The point is entirely symbolic, the meaning universal. And in general the Fantasy genre “enables”, if you want, to deal directly with myth. Myth seen from the perspective of human creation of meaning and morality. The world reduced to the human level. The war with the environment.


“Some say men continually war against circumstances, but I say they perpetually flee. What are the works of men if not a momentary respite, a hiding place soon to be discovered by catastrophe? Life is endless flight before the hunter we call the world.”

Men and environment. Men and truth. Men and meaning. A war made of pain.

So there are two levels that I’d recognize as postmodern in the Malazan series. The first is about the universality of the message, its being removed from a time, made symbol of. The second is about dealing with the “social construction of truth”, or the relationship of men and environment, seen from the perspective if its (human) symbolic value. It’s a description of the world from within (what Bakker calls worlds that complement our souls).

The other day I was watching on TV a dialogue between a movie director, a painter and a philosopher. At some point they started to discuss how their works were received by the public. All three agreed that their best and deepest works were not understood or not as well recognized as their most superficial ones. They said that the public will always pursue the shortest path. The least resistance. They glide over. If a story has more than one layer of meaning, the great majority will stop at the first level and go as far as refusing the existence of more layers. The majority approach a work with the certainty of their superiority. People look at the surface and will judge on what they see there.

Erikson is in a problematic position because his series unashamedly embraces its RPG origins and Fantasy tropes. It’s blatantly a work of Fantasy, as opposed to other writers who step on the edge and are too scared to be lumped in the ignoble, low genre. On the other side Erikson also pushes Fantasy outside the “escapism”. All the things I’ve written above are a fundamental part of the text as the sorcery conflagrations and flying mountains.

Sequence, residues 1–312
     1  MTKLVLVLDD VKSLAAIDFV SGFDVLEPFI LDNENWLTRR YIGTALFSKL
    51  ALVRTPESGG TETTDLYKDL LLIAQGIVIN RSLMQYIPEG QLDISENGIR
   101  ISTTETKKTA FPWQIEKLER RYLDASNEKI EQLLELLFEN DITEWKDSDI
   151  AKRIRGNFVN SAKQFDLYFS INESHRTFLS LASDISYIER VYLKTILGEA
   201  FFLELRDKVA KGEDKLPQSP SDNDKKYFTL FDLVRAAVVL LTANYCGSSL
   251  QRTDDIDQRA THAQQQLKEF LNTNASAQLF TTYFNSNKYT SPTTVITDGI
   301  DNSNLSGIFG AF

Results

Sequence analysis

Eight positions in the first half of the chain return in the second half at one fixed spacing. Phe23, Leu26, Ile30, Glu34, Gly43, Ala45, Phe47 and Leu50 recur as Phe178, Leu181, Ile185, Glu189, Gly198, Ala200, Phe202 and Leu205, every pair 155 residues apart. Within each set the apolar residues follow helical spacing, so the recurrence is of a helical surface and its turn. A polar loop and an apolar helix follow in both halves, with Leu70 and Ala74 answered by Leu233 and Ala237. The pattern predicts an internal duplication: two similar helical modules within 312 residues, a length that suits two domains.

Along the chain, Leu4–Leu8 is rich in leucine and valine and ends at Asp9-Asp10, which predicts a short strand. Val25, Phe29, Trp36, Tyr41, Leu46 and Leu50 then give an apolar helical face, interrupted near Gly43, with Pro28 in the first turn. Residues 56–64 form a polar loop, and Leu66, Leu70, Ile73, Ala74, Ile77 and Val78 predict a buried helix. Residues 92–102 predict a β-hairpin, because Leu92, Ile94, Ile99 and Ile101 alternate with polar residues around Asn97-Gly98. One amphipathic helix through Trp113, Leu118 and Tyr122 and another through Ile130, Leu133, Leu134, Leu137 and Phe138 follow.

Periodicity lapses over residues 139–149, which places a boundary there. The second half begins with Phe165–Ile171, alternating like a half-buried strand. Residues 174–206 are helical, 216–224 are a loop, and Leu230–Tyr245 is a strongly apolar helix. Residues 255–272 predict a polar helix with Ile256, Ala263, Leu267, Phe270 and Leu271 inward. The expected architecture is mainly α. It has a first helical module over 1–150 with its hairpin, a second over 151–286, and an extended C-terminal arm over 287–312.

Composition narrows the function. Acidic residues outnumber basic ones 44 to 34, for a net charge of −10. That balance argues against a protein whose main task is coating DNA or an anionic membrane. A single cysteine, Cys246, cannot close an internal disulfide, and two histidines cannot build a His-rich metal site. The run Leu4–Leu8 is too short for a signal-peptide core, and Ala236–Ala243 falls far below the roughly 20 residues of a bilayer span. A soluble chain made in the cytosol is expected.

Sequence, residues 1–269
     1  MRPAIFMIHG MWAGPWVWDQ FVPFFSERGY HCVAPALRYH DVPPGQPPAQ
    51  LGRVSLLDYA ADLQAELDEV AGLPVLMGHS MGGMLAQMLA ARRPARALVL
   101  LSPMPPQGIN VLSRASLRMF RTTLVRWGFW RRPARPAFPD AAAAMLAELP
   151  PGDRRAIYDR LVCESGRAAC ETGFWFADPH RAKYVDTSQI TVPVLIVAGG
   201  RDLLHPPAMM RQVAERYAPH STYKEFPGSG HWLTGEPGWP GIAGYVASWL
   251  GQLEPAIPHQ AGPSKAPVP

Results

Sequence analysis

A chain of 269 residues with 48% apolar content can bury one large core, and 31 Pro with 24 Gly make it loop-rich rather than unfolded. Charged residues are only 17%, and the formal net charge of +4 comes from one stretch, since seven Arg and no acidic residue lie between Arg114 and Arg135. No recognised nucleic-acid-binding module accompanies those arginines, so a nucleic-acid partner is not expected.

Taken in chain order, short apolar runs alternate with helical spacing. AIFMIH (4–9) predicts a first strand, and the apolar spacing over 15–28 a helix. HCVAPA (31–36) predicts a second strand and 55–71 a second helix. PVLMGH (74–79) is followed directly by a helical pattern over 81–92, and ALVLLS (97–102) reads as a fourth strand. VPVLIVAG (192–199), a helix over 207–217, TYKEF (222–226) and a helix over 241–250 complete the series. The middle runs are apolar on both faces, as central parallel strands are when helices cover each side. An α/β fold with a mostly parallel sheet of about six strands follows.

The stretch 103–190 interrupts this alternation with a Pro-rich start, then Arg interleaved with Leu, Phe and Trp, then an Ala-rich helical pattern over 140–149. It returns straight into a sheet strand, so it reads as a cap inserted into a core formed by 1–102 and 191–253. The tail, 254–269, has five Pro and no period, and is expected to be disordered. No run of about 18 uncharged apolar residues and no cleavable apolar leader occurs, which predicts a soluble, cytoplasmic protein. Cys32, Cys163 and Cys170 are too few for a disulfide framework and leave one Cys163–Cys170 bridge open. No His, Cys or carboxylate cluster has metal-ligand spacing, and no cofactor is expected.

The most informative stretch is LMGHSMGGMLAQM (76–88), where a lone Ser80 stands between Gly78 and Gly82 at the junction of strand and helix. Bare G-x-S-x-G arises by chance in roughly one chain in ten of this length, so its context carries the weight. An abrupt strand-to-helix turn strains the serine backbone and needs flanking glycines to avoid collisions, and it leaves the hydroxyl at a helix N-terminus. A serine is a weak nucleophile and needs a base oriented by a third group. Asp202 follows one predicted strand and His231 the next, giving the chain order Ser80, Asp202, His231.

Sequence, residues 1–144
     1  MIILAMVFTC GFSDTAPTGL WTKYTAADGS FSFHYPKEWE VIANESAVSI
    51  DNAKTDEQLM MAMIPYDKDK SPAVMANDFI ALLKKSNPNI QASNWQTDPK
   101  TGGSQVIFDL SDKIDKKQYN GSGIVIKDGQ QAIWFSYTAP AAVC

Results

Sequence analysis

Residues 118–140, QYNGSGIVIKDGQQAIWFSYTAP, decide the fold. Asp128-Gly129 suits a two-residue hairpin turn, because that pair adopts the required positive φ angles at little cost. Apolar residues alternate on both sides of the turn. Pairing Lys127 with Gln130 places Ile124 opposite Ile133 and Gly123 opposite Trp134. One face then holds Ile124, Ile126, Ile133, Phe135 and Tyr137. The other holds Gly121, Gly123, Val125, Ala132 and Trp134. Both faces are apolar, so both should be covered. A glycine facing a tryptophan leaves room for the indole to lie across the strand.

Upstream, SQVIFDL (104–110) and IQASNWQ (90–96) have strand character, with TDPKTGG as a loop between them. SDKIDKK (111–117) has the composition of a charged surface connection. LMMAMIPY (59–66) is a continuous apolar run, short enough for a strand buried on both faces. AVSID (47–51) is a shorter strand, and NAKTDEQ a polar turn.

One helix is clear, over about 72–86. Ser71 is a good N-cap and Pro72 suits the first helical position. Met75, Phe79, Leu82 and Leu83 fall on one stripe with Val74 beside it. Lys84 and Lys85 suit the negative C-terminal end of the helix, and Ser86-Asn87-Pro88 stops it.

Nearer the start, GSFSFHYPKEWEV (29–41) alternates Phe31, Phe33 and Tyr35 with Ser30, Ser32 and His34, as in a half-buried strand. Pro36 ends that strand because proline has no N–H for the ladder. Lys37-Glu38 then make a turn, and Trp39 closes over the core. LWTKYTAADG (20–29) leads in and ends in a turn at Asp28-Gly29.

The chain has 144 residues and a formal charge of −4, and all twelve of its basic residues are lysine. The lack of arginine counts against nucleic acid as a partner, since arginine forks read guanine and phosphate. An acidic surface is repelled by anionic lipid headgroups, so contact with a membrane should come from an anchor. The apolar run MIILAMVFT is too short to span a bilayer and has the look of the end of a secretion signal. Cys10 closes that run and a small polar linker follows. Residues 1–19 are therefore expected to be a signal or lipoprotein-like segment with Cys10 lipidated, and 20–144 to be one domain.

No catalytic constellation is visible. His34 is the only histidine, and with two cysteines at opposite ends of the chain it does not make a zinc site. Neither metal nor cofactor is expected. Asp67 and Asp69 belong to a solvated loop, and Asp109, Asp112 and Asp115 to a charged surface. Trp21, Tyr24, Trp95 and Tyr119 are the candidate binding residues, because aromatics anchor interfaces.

That position is problematic for the audience, because from a side the “literary” guys will look down and downright refusing to read something that has fireballs and dragons, while the other side doesn’t want to read all the boring philosophical drivel and “padding” that distracts from the awesome, over-the-top battles.

The privileged ones, and I feel one, are those who can appreciate, without prejudices or mental fences, the freedom and power of the mix of “high” and “low”. For sure I don’t consider Fantasy as a “guilty pleasure”. I’m very proud of reading it.

So let’s have a discussion, if you want, about whether Malazan can be truly defined postmodern or not. But in order to join this kind of conversation you have to drop a lot of prejudices and snobbism, so to recognize themes that are indeed there for a specific reason and not to pad the text.

As Janny Wurts said: “The genre label is just the current convenient excuse for dismissal.”

“It is said the stars are without number, and are in eternal motion,
and that the heavens forbid all comprehension. It is said that